That is not Christian suffering, when they suffer, out of sinister respects, to be cried up as head of a party, or to keep up a faction. The apostle implies that a man may give his body to be burned—yet go to hell (1 Corinthians 13:3). Ambitious men may sacrifice their lives to purchase fame. These are the devil’s martyrs.
2. What that suffering persecution is, which will make us blessed, and shall wear the crown of martyrdom.
 We suffer as a Christian, when we suffer in a good cause. So it is in the text. ‘Blessed are those who suffer for righteousness sake’. It is the cause which makes a martyr. When we suffer for the truth and espouse the quarrel of true religion, this is to suffer for righteousness’ sake. ‘For the hope of Israel, I am bound with this chain’ (Acts 28:20).
 We suffer as a Christian, when we suffer with a good conscience. A man may have a good cause—and a bad conscience. He may suffer for ‘righteousness sake’—yet he himself be unrighteous. Paul, as he had a just cause, so he had a pure conscience. ‘I have lived in all good conscience to this day’ (Acts 23:1). Paul kept a good conscience to his dying day. It has made the saints go as cheerfully to the stake—as if they had been going to a crown. See to it that there is no flaw in conscience. A ship that is to sail upon the waters must be preserved from leaking. When Christians are to sail on the waters of persecution, let them take heed there be no leak of guilt in their conscience. He who suffers (though it is in God’s own cause) with a bad conscience, suffers two hells; a hell of persecution, and a hell of damnation.
 We suffer as a Christian, when we have a good call. ‘You shall be brought before kings . . .’ (Matthew 10:18). There is no question but a man may so far consult for his safety that if God by his providence opens a door, he may flee in time of persecution (Matthew 10:23). But when he is brought before kings, and the case is such that either he must suffer, or the truth must suffer—here is a clear call to suffering, and this is reckoned for martyrdom.
 We suffer as a Christian, when we have good ends in our suffering, namely, that we may glorify God, set a seal to the truth, and show our love to Christ. ‘You shall be brought before kings for my sake’ (Matthew 10:18). The primitive Christians burned more in love, than in fire. When we look at God in our sufferings and are willing to make his crown flourish, though it be in our ashes—this is that suffering which carries away the garland of glory.
 When we suffer with Christian virtues. ‘If any man suffers as a Christian, let him not be ashamed’ (1 Peter 4:16). To suffer as a Christian is to suffer with such a spirit as becomes a Christian, which is:
When we suffer with patience. ‘Take, my brethren, the prophets for an example of suffering affliction and of patience’ (James 5:10). A Christian must not repine but say, ‘Shall I not drink the cup’ of martyrdom which my Father has given me? There should be such a spirit of meekness in a Christian’s suffering, that it should be hard to say which is greater—his persecution or his patience. When Job had lost all, he kept the breastplate of innocence and the shield of patience. An impatient martyr is a contradiction.
To suffer as Christians is when we suffer with courage. Courage is a Christian’s armor. It steels and animates him. The three Hebrew children, or rather the three champions, were of brave heroic spirits. They do not say to the king, ‘We ought not to serve your gods’—but ‘We will not!’ (Daniel 3:18). Neither Nebuchadnezzar’s music nor his furnace could alter their resolution. Tertullian was called an adamant, for his invincible courage. Holy courage makes us (as one of the fathers says) ‘have such faces of brass that we are not ashamed of the cross’. This is to suffer as Christians, when we are meek yet resolute. The more the fire is blown—the more it flames. So it is with a brave-spirited Christian. The more opposition he meets with—the more zeal and courage flames forth.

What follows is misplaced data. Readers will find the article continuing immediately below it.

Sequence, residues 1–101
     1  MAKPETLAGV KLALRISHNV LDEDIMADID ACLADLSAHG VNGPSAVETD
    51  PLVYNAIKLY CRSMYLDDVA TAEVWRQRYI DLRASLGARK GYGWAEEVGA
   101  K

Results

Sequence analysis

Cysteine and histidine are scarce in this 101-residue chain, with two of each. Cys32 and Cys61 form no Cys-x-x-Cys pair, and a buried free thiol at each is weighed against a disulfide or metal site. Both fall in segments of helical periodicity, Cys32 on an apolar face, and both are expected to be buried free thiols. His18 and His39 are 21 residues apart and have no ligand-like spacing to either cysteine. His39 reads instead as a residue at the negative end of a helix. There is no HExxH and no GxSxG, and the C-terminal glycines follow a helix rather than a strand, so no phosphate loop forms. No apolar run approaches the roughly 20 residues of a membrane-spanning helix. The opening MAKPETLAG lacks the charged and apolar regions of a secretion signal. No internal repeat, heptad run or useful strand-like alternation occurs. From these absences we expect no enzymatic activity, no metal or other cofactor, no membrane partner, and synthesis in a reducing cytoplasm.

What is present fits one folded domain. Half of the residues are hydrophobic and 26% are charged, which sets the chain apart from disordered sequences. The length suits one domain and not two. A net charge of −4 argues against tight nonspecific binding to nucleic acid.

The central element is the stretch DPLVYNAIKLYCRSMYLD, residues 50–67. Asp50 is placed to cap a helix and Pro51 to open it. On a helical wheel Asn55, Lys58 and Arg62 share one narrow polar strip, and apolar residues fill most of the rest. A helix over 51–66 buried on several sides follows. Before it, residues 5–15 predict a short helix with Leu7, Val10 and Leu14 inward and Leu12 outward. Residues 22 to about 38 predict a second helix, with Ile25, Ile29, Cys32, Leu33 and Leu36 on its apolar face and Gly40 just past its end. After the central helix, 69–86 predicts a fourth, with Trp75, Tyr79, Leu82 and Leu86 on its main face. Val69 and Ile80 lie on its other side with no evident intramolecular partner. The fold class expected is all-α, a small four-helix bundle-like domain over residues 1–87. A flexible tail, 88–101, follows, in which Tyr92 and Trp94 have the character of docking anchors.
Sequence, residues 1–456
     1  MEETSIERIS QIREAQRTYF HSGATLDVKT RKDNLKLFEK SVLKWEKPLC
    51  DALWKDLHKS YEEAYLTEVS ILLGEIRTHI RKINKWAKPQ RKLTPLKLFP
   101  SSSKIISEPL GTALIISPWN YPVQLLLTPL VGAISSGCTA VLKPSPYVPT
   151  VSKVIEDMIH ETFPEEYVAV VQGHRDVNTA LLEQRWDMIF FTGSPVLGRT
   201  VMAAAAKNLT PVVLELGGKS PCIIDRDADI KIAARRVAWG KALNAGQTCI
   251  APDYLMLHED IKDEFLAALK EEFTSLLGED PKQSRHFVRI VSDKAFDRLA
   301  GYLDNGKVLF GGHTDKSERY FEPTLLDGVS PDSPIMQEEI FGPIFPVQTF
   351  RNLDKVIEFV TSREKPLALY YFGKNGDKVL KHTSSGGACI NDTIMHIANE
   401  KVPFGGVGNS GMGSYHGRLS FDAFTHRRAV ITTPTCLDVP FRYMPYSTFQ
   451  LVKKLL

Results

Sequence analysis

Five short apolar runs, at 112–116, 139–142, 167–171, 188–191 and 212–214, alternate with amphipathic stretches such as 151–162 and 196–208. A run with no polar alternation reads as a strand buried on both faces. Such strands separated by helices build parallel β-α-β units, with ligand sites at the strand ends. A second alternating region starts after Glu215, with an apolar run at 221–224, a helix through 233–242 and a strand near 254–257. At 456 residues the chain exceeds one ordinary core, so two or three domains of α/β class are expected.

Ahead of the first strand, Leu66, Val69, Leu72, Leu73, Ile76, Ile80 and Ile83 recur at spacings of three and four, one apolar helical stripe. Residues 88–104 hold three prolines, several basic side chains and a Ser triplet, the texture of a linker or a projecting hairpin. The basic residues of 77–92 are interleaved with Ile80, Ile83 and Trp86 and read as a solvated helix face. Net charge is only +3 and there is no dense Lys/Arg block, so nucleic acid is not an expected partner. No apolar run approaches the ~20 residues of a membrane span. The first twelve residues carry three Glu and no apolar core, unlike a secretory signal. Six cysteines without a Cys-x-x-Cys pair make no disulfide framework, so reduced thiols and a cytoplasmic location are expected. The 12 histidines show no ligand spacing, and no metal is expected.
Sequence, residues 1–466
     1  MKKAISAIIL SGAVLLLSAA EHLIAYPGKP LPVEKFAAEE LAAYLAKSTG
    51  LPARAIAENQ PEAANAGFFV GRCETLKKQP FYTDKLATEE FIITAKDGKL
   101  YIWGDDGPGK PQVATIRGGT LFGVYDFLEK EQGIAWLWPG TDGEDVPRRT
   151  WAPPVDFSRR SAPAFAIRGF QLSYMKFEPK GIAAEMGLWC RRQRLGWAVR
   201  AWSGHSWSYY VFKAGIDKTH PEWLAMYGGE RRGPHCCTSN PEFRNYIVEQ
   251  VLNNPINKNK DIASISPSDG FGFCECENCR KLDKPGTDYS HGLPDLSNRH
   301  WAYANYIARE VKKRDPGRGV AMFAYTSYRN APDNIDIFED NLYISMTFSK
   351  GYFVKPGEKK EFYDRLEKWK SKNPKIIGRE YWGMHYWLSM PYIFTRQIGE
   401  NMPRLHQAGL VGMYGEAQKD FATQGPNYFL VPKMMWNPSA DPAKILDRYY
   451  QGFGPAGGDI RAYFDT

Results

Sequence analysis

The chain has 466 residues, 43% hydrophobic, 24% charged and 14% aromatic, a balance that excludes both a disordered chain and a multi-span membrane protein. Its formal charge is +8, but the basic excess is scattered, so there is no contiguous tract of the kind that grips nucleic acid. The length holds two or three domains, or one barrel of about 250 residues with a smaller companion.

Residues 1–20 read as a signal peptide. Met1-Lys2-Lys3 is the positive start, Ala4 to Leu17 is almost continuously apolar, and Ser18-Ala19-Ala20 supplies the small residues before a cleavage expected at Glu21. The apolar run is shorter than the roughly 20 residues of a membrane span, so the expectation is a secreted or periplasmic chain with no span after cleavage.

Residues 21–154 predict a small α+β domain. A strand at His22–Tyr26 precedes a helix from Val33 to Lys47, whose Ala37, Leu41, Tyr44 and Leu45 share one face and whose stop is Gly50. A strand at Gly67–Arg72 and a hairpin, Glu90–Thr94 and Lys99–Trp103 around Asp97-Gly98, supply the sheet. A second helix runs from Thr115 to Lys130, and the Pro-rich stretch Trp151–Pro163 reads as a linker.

To suffer as Christians is to suffer with cheerfulness. Patience is a bearing the cross; cheerfulness is a taking up the cross. Christ suffered for us cheerfully. His death was a freewill offering (Luke 12:50). He thirsted to drink of that cup of blood! Such must our sufferings be for Christ. Cheerfulness perfumes suffering and makes it the sacrifice of a sweet-smelling savor to God. Thus Moses suffered cheerfully. ‘Moses, when he was come to years, chose to suffer affliction with the people of God,rather than to enjoy the pleasures of sin for a season’ (Hebrews 11:24, 25). Observe: ‘When he was come to years’: It was no childish act. It was when he was of years of discretion. ‘He chose to suffer affliction.’ Suffering was not so much his task—as his choice. The cross was not so much imposed—as embraced. This is to suffer as Christians, when we are volunteers; we take up the cross cheerfully, nay, joyfully. ‘They departed from the presence of the council, rejoicing that they were counted worthy to suffer shame for his name’ (Acts 5:41). Or as it is more emphatic in the original, ‘They rejoiced that they were so far graced as to be disgraced for the name of Christ’. Tertullian says of the primitive Christians, that they took more comfort in their sufferings than in their deliverance. And indeed well may a Christian be joyful in suffering, because it is a great favor when God honors a man to be a witness to the truth. Christ’s marks in Paul’s body were prints of glory. The saints have worn their sufferings as ornaments. Ignatius’ chains were his jewels. Never have any princes been so famous for their victories, as the martyrs for their sufferings.
We suffer as Christians when we suffer and pray for our persecutors. ‘Love your enemies, do good to those who hate you, 28 bless those who curse you, pray for those who mistreat you’ (Luke 6:27-28).
There are two reasons why we should pray for our persecutors.
Because our prayers may be a means to convert them. Stephen prayed for his persecutors: ‘Lord, lay not this sin to their charge’ (Acts 7:60). And this prayer was effectual to some of their conversions. Augustine says that the church of God was indebted to Stephen’s prayer for all that benefit which was reaped by Paul’s ministry.
We should pray for our persecutors because they do us good, though against their will. They shall increase our reward. Every reproach shall add to our glory. Every injury shall serve to make our crown heavier. As Gregory Nazianzen speaks in one of his orations, Every stone which was thrown at Stephen was a precious stone which enriched him and made him shine brighter in the kingdom of heaven.